This deleted scene from It featuring Pennywise is more horrific than anything in the film | hollywood | Hindustan Times
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This deleted scene from It featuring Pennywise is more horrific than anything in the film

A scene that works as a flashback into the origins of Pennywise, the clown, was considered too disturbing. It did not make it to the film.

hollywood Updated: Oct 16, 2017 15:56 IST
The scene showing Pennywise the Clown eating an infant didn’t make it to the film.
The scene showing Pennywise the Clown eating an infant didn’t make it to the film.

We have been hearing about this scene for a while now. As the adaptation of Stephen King’s It went on to become the top-grossing R-rated horror film of all time, eclipsing Exorcist, the discussion on social media continued about the ‘disturbing scene’.

Bill Skarsgard, who plays Pennywise in the film, mentioned that the scene was a flashback from 1600s and worked as a back story to the clown. “There was a scene we shot that was a flashback from the 1600s, before Pennywise [was Pennywise],” Skarsgard said earlier this year. “The scene turned out really, really disturbing. And I’m not the clown. I look more like myself. It’s very disturbing, and sort of a backstory for what IT is, or where Pennywise came from.”

Actor Tim Stevens, who recently appeared on the Throwing Shade podcast, revealed more details about the scene from It. And that inspired fans to dive deep into the recesses of internet to come up with the scene details which were posted on Reddit, say reports.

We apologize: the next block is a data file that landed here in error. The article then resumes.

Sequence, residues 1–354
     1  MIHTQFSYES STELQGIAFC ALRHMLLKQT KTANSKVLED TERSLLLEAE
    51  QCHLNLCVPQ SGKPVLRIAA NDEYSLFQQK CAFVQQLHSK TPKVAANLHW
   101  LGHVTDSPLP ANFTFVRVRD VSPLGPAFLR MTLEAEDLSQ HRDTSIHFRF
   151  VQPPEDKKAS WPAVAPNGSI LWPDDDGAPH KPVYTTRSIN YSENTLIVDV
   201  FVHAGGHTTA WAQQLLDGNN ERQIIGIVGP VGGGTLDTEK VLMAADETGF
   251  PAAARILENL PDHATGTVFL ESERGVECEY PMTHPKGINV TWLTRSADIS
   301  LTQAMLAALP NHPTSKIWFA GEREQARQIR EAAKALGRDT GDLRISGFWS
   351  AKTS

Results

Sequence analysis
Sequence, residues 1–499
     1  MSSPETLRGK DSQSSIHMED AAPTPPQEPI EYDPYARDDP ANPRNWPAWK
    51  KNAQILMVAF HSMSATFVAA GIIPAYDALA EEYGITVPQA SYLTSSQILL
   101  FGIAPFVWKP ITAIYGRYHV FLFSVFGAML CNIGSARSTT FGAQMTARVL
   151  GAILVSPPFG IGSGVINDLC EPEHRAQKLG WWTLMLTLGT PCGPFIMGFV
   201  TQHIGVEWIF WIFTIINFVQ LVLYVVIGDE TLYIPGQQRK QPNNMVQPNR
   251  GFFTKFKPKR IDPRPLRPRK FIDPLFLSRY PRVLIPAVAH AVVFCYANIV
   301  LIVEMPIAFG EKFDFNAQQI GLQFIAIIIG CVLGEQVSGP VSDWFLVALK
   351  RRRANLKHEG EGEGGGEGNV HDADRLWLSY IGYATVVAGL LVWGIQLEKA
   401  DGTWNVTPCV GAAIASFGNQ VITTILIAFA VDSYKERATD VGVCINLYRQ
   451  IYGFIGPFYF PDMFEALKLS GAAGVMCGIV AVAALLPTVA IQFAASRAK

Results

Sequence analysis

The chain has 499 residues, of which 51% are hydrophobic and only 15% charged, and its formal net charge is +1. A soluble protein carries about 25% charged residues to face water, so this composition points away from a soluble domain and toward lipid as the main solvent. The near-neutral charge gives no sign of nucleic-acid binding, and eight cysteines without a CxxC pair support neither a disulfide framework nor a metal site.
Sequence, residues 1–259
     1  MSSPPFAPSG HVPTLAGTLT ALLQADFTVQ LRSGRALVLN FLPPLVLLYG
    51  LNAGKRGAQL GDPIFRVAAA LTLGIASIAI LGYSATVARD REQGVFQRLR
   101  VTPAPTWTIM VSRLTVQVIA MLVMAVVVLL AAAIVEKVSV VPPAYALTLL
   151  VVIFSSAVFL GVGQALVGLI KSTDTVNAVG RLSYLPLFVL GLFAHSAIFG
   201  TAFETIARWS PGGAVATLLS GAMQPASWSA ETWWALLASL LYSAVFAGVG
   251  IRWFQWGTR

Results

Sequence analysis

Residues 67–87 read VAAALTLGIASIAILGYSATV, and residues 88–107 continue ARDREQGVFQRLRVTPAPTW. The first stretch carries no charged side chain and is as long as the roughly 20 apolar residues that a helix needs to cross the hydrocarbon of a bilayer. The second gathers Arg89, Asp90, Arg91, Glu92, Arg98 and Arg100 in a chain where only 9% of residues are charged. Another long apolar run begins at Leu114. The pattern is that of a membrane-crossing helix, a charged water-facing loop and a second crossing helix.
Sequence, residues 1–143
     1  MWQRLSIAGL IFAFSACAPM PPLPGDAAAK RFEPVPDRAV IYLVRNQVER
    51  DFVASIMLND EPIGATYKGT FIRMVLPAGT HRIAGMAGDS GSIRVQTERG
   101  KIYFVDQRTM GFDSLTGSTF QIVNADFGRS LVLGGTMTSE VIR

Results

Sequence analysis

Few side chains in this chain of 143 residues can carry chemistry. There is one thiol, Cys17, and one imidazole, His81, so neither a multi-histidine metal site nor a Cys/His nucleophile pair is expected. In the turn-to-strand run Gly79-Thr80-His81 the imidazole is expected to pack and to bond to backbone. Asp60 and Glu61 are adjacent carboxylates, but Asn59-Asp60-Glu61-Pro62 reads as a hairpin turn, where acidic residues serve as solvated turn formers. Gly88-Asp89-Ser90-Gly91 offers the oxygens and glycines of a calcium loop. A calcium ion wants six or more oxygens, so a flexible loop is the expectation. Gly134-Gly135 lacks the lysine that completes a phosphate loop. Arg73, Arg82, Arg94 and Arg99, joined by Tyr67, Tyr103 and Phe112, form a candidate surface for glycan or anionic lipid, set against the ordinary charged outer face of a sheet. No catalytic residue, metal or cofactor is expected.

The scene details to an entity merely referred as “It” terrorizing a woman in the town of Derry. The entity has not become the clown yet and keeps on shifting shapes. He makes it clear that he wants to eat up the woman, Abigail’s, newborn and she is trying to protect the child. It strikes terror in the heart of the woman and says if she doesn’t give up her child, he will eat up her entire family.

You can read the scene details here. The scene, or some details thereof, may find their way into the sequel.

Andy Muschietti, who directed It, is expected to return for the second installment of the film, which has already been greenlighted. Producers Barbara Muschietti, Roy Lee, Dan Lin, Seth Grahame-Smith, and David Katzenberg are believed to be back as well.

King’s 1986 novel focuses on a group of friends in a fictional Maine community that battles the small town’s demon as kids, and then again as adults. The blockbuster movie, which opened September 8, centres on the children, while the upcoming film will follow them into adulthood.